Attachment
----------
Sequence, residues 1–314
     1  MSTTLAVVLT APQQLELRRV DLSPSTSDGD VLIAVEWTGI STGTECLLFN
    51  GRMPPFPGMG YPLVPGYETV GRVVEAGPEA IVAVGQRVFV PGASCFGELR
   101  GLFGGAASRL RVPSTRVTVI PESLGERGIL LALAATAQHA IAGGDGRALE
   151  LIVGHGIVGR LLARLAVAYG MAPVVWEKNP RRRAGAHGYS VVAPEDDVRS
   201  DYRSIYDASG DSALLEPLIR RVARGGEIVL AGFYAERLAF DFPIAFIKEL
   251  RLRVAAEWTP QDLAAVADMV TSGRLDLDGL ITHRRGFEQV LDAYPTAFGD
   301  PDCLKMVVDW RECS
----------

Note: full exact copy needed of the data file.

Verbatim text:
Sequence, residues 1–314
     1  MSTTLAVVLT APQQLELRRV DLSPSTSDGD VLIAVEWTGI STGTECLLFN
    51  GRMPPFPGMG YPLVPGYETV GRVVEAGPEA IVAVGQRVFV PGASCFGELR
   101  GLFGGAASRL RVPSTRVTVI PESLGERGIL LALAATAQHA IAGGDGRALE
   151  LIVGHGIVGR LLARLAVAYG MAPVVWEKNP RRRAGAHGYS VVAPEDDVRS
   201  DYRSIYDASG DSALLEPLIR RVARGGEIVL AGFYAERLAF DFPIAFIKEL
   251  RLRVAAEWTP QDLAAVADMV TSGRLDLDGL ITHRRGFEQV LDAYPTAFGD
   301  PDCLKMVVDW RECS